It all ended as matters usually did end, in Harry’s having his way. He came downstairs, expecting, indeed, rather hoping, to find Taylor impatiently striding to and fro, watch in hand; but here he was, ungainly, it might be, but quite docile, drawing the picture of a power-loom for Miss Cresswell, who seemed really interested. Harry silently surveyed them from the door, and his face lighted with a new thought.
Taylor, espying him, leapt to his feet and hauled out his watch.
“Well—I—” he began lamely.
“No, you weren’t either,” interrupted Harry, with a laugh that was unmistakably cordial and friendly. “You had quite forgotten what you were waiting for—isn’t that so, Sis?”
Helen regarded her brother through her veiling lashes: what meant this sudden assumption of warmth and amiability?
“No, indeed; he was raging with impatience,” she returned.
“Why, Miss Cresswell, I—I—” John Taylor forsook social amenities and pulled himself together. “Well,” shortly, “now for that talk—ready?” And quite forgetting Miss Cresswell, he bolted into the parlor.
“The decision we have come to is this,” said Harry Cresswell. “We are in debt, as you know.”
“Forty-nine thousand, seven hundred and forty-two dollars and twelve cents,” responded Taylor; “in three notes, due in twelve, twenty-four, and thirty-six months, interest at eight per cent, held by—”
The Colonel snorted his amazement, and Harry Cresswell cut in:
“Yes,” he calmly admitted; “and with good crops for three years we’d be all right; good crops even for two years would leave us fairly well off.”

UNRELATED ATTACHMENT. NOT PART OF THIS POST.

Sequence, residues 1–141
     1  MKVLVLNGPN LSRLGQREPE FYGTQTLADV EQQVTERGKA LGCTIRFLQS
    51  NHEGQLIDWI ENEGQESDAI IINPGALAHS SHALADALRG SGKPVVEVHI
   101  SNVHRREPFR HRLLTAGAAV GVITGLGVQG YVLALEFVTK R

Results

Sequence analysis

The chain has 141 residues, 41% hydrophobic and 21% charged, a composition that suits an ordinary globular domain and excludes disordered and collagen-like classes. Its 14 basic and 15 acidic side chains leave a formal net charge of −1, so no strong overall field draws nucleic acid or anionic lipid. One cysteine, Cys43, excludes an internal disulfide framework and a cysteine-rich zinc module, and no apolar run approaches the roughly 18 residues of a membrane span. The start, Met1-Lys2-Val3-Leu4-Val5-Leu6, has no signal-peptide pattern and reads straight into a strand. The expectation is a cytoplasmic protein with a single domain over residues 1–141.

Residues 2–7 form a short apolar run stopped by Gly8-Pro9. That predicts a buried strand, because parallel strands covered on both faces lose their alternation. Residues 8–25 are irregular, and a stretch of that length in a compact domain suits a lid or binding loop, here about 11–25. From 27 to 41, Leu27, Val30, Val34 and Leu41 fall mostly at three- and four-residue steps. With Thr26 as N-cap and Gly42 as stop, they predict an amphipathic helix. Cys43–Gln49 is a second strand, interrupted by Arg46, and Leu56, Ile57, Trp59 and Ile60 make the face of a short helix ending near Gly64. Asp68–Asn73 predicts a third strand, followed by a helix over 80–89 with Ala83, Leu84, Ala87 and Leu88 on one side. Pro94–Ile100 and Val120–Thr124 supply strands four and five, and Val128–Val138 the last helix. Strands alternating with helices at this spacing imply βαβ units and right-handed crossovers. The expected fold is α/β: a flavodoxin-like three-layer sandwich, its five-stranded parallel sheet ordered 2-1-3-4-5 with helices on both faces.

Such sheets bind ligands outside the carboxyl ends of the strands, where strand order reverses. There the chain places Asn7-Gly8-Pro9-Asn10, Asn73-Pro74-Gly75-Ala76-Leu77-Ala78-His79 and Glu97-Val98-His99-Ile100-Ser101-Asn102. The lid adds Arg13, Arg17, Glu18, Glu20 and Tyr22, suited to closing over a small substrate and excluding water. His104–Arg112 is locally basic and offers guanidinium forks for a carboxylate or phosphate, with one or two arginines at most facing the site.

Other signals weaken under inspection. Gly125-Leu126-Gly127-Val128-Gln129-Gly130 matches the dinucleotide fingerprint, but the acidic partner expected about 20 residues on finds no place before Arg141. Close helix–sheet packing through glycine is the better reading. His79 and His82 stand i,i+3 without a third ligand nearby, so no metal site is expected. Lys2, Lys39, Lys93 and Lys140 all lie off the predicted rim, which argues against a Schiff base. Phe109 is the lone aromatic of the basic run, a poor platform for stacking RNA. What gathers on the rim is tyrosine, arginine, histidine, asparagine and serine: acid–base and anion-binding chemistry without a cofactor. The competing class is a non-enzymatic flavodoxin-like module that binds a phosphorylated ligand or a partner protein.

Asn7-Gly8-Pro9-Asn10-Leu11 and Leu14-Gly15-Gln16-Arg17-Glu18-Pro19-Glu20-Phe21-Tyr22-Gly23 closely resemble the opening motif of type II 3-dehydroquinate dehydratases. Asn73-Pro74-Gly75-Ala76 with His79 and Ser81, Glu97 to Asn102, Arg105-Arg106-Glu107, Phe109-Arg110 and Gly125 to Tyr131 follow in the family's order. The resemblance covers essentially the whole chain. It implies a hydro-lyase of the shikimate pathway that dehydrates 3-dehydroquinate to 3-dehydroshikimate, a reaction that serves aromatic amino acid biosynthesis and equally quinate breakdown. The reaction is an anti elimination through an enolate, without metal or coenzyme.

“You mean it would relieve you of the present stringency and put you face to face with the falling price of cotton and rising wages,” was John Taylor’s dry addendum.
“Rising price of cotton, you mean,” Harry corrected.
“Oh, temporarily,” John Taylor admitted.
“Precisely, and thus postpone the decision.”
“No, Mr. Cresswell. I’m offering to let you in on the ground floor—now—not next year, or year after.”
“Mr. Taylor, have you any money in this?”
“Everything I’ve got.”
“Well, the thing is this way: if you can prove to us that conditions are as you say, we’re in for it.”
“Good! Meet me in New York, say—let’s see, this is March tenth—well, May third.”
Young Cresswell was thinking rapidly. This man without doubt represented money. He was anxious for an alliance. Why? Was it all straight, or did the whole move conceal a trick?
His eyes strayed to the porch where his pretty sister sat languidly, and then toward the school where the other sister lived. John Taylor looked out on the porch, too. They glanced quickly at each other, and each wondered if the other had shared his thought. Harry Cresswell did not voice his mind for he was not wholly disposed to welcome what was there; but he could not refrain from saying in tones almost confidential: